Styles Between the Wars
Between the World Wars, the Craftsman bungalow was the most popular house style and form for “regular folks.” But the larger houses of the period were designed in a variety of new styles. Only a few of these were built in Oakwood, which gradually found itself superseded in fashion by newer neighborhoods.
Because Oakwood was mostly developed before the automobile, it was divided into narrow lots, so that more people were within an easy walk (or at least an easy streetcar ride) of downtown. But after World War I, the wealthier folks all had cars, so they did not need to live so close. Therefore, the fashionable new neighborhoods of Cameron Park, Fairmont, and (above all) Hayes Barton, had the luxury of wider lots and wider houses. A popular house form in this period had a small central portico leading into a large foyer, with two large rooms on each side. There was an open porch on one side of the house and a sunroom on the other side, or at least one of these two features. These houses were, with few exceptions, the first in North Carolina without front porches since the log cabin!
In Cameron Park, Fairmont, and Hayes-Barton one can see many houses in this form, with various styles of ornamentation: Georgian Revival was the most popular, but Tudor Revival, Mediterranean, Dutch Colonial Revival, and Spanish Colonial Revival were also fashionable. Three of these styles made it into Oakwood. 311 N. Boundary St. is in the Georgian Revival style. It has Classical details similar to Neoclassical Revival houses, but its simpler form and ornamentation is more similar to actual Georgian architecture of the 18th and early 19th centuries. Notice the fine portico and the dentil molding.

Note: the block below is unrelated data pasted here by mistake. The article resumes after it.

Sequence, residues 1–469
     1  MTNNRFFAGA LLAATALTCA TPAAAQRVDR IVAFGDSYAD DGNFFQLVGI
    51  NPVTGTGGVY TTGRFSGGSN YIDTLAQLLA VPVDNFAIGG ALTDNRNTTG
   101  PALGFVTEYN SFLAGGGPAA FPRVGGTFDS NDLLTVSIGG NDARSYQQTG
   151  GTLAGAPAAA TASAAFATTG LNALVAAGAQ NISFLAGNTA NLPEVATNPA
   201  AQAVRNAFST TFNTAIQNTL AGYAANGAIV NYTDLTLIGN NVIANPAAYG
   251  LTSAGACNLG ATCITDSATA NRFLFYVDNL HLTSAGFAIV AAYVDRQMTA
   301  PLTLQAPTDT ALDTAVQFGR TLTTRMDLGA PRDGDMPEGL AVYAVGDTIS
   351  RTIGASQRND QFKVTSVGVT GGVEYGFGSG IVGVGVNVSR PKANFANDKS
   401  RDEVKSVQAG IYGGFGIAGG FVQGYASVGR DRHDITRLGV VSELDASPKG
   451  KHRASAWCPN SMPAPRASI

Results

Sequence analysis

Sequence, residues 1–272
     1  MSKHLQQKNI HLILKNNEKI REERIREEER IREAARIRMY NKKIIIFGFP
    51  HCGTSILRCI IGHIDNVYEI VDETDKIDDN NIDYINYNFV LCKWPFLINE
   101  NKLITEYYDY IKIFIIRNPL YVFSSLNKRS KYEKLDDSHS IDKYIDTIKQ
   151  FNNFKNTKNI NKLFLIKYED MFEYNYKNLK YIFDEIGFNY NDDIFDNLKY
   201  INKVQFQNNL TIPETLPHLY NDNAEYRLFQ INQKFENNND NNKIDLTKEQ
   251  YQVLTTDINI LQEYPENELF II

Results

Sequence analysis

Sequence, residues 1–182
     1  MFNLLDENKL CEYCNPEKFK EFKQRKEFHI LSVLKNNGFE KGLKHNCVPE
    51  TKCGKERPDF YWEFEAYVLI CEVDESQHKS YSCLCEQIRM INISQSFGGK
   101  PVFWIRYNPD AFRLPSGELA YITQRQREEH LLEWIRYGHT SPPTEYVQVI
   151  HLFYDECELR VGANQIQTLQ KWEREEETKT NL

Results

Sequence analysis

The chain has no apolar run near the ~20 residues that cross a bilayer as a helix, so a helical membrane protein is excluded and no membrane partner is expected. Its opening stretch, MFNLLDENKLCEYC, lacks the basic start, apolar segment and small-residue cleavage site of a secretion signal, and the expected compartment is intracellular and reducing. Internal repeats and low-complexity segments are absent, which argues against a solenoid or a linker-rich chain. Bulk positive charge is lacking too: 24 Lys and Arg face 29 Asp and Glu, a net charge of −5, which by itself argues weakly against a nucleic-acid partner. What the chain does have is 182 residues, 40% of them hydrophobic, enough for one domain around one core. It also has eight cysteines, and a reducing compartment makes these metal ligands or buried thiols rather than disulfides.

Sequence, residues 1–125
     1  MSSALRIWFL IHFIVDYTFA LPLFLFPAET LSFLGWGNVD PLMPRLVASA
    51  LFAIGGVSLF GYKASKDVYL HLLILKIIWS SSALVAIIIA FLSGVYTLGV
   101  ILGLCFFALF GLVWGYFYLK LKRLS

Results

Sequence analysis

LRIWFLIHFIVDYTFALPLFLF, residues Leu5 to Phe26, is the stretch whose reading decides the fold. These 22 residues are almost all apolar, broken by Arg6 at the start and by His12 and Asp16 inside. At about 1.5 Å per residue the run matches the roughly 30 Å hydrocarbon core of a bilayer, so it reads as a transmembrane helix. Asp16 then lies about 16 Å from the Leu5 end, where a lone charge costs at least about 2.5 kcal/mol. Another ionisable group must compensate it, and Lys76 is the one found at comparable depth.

304 Polk St. is in the Dutch Colonial Revival style. It also has details similar to the Neoclassical Revival, but the gambrel roof with the wide dormer distinguishes it as Dutch Colonial Revival. The room on the right side was originally an open porch. The stucco siding on the second story was a popular feature of the period. 309 Linden Ave. is another good example; notice the diamond windowpanes, a legacy of the Neoclassical Revival. 624 N. East St. (Nancy & Barry Kitchener) is sided completely in stucco, and has dispensed with the Classical details. Although houses of this type throughout the country are called Dutch Colonial Revival, it is a bit of a misnomer; the houses built by the 17th-century Dutch colonists in what is now New York and New Jersey did have gambrel roofs, but were otherwise not much like these 1920s houses. They had no Classical details, and their gambrel roofs usually had flared eaves.
408 E. Lane St. (Stella Barnes) is in the Mediterranean style. It is distinguished by a shallowly-pitched hip roof with very deep eaves, an arched front door, and brick siding. This is a fairly simple expression of the style. In Hayes-Barton one can find more elaborate versions, with arched windows, tile roofs, and wrought-iron and terra cotta details. These houses were inspired by the villas of southern France and northern Italy.
All of these houses have similar floor plans, as described above. Builders frequently offered this same floor plan in a choice of styles.